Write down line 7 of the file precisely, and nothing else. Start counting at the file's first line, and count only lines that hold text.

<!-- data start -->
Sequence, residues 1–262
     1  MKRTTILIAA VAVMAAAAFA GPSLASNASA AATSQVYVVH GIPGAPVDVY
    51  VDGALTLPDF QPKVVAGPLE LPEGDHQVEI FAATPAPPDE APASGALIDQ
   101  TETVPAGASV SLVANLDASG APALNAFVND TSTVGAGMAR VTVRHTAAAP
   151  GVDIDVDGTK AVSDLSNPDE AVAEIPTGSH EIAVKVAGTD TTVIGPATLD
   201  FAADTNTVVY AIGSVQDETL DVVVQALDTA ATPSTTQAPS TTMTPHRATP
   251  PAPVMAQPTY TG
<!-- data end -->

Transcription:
   251  PAPVMAQPTY TG